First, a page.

“Anybody want to drive the boat?” Captain Dan Lunt calls out to the passengers aboard the Elizabeth T.
All’s quiet aboard the 21-passenger lobster boat until 10-year-old Anicka Groff volunteers and steps forward to take the helm. The captain carefully explains what she needs to do as the 33-foot-long wooden vessel plies Somes Sound. The late afternoon sun sparkles on the waters of the fjord bisecting Mount Desert Island.
Not too long after, Lunt takes charge of the Elizabeth T and takes his party toward Bear Island where a lighthouse perches on a craggy bluff. Colorful buoys bob like Lifesavers on the water’s surface to mark roughly where the lobster traps sit on the ocean floor.
Lunt and his wife, Linda (who also is his deckhand), have been working for Sail Acadia giving boat cruises for five years. Dan, who was born and raised on Frenchboro (an island located about seven miles off Mount Desert Island) is no stranger to the sea.
“I’ve been on a boat since I could walk,” Dan said.
At a young age, Dan’s father would stand him up on an old sauerkraut barrel and let him steer the boat. By the age of 9, he was driving his own boat. At 17, he was a lobster fisherman.
Originally from Norwich, Conn., Linda met Dan when she was working as a social worker on Frenchboro. Eventually the pair began to lobster fish together, something they did for eight years. Married for 10 years, the Lunts now live on the mainland in the Mount Desert village of Otter Creek.
“We found Frenchboro very isolated and ourselves naturally drawn to families and children and wanting to share the experience of lobster fishing,” Linda said. “We were inviting people onto the boat [in Frenchboro] even when we were working.”
However, the duo no longer lobster fish professionally. Dan now works for Beal & Bunker Mail Boat and Ferry Service shuttling children back and forth from Great Cranberry Island to Little Cranberry for school from September until June. He also works with Quietside Cruises and its parent company, Sail Acadia.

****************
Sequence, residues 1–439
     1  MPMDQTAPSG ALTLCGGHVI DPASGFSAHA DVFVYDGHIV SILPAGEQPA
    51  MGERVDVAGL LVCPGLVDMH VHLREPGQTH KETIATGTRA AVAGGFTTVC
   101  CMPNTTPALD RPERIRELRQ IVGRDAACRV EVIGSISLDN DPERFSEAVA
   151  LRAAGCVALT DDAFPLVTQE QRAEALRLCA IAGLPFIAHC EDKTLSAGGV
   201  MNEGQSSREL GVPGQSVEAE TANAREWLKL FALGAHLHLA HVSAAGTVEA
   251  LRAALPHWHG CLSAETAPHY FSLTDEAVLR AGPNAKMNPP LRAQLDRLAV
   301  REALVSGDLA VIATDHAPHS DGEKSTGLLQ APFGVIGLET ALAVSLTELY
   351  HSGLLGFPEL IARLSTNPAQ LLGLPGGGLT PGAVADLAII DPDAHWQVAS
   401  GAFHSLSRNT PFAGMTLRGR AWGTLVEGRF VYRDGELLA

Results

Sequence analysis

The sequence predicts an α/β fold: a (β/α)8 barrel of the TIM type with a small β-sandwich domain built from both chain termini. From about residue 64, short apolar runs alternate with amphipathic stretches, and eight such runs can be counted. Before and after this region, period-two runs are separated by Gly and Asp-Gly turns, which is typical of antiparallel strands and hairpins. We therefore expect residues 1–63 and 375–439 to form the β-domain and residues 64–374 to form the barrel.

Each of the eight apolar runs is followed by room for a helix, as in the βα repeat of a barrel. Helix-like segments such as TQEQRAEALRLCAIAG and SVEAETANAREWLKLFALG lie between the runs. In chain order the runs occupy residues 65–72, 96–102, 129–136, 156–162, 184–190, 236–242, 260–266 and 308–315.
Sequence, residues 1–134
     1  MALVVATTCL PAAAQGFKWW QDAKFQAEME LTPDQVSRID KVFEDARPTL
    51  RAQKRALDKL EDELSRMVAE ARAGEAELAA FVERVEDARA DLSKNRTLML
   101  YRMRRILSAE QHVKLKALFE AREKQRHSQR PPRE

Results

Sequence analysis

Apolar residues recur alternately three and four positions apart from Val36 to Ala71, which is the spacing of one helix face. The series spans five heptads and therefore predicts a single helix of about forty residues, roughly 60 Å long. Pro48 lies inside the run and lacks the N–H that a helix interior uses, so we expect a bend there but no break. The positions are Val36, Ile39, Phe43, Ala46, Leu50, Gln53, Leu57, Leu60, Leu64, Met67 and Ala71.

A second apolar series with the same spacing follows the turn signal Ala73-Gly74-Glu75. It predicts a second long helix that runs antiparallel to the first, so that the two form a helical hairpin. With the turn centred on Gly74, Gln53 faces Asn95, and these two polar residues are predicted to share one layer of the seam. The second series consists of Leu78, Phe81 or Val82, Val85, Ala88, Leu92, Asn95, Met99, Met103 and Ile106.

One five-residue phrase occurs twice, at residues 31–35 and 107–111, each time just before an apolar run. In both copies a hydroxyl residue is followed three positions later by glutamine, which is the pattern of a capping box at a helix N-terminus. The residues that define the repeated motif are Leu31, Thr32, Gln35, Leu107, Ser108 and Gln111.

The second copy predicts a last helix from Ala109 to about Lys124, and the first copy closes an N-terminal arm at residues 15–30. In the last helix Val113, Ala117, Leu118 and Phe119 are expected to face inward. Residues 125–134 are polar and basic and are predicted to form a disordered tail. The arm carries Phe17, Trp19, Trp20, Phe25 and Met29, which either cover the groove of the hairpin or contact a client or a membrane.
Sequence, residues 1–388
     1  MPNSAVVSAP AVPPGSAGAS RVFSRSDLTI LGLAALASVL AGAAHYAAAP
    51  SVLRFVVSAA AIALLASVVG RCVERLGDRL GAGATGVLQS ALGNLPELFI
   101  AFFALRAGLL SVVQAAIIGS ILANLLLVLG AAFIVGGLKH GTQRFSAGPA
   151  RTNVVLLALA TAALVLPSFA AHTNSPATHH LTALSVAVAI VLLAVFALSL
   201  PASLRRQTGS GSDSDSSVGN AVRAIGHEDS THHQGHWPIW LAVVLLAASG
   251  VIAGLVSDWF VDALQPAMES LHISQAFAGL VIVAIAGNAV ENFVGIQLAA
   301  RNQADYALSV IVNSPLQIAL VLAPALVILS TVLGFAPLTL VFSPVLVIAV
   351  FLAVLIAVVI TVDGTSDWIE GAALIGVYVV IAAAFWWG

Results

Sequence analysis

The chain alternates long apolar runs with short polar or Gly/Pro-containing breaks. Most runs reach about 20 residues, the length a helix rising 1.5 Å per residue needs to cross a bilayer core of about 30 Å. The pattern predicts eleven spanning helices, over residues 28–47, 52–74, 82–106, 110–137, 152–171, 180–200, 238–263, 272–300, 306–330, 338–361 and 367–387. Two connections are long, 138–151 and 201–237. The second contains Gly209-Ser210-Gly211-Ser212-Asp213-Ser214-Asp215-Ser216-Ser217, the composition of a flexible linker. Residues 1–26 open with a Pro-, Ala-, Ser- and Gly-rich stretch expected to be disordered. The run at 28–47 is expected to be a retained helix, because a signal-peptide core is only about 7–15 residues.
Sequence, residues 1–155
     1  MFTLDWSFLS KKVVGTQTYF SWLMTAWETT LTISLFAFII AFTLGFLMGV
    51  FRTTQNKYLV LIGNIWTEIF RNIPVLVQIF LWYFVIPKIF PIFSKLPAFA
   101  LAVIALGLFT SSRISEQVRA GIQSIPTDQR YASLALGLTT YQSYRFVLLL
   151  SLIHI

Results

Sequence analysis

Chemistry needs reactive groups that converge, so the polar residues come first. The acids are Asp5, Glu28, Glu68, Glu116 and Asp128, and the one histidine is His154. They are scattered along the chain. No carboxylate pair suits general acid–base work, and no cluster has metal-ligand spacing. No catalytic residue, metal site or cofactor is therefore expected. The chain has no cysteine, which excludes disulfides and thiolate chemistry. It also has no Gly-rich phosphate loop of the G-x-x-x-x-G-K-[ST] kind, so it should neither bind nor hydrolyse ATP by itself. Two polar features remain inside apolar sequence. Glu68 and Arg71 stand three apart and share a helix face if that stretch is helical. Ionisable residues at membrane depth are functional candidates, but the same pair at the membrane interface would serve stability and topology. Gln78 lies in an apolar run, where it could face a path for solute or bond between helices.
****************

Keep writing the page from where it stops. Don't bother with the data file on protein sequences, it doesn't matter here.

The Lunts take up to 19 passengers on a lobster cruise, showing them how the crustacean is caught as well as local sights such as Man O’ War Brook, freshwater falls, which cascade into Somes Sound.
Back on the Elizabeth T, Dan stops and once again solicits a volunteer to help him haul the trap up from the sea floor. Groff, who is on vacation in Maine from Atlanta with her parents, Kirsten and Vince, steps forward again. Grabbing the gaff (a pole with a hook at the end), she hooks the buoy on the first try. Hauling the buoy inside the boat, the 4-foot-wide lobster trap (with bricks weighting it down) eventually emerges from the water. The crustaceans move around as Linda shows Groff how to open the cage.
Holding up the shellfish, the Lunts explain how to decide whether a lobster can be kept or must be thrown back into the ocean. First, it is measured. The lobster must measure between 3¼ and 5 inches from its rear eye socket to the top of its tail. If it is under or above these measurements it has to be tossed to the sea.
Second, if it is an egg-bearing female, or if the lobster has a small triangular notch on its tail, the creature must be returned to the ocean. Determining whether it is a hard-shell or soft-shell lobster is another step.
After all these things have been done, the remaining lobsters must have their claws banded, so they don’t pinch. Finally, the bait of wild herring is replenished in the trap and the trap, buoy and line sent overboard.
“I like to see the excitement in the kids and awakening them to [lobster fishing],” Dan said.
After the Lunts have demonstrated with two traps how to lobster, Dan heads out to East Bunker’s Ledge, roughly 4 miles from Dysart’s Marina in Southwest Harbor, where the Elizabeth T set off on its voyage.
On the ledge, seals bask and gaze impassively as the boat approaches. Soon, they slide off into the water, bobbing as onlookers photograph them.
Eventually the trip is over and Dan returns the cruise-goers to the marina, wishing them well as they exit the boat.
“I like sharing what we know…” Dan begins.
“Kids get to see an old, classic form of making a living and a tradition,” Linda says. “…We get to meet a lot of interesting people from all over doing this.”